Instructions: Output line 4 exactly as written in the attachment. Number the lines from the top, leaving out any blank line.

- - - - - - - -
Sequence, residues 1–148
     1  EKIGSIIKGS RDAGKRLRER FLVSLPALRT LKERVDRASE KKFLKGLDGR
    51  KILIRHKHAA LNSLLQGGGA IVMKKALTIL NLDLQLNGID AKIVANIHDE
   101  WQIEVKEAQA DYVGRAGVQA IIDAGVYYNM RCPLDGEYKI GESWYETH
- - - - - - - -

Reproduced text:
   101  WQIEVKEAQA DYVGRAGVQA IIDAGVYYNM RCPLDGEYKI GESWYETH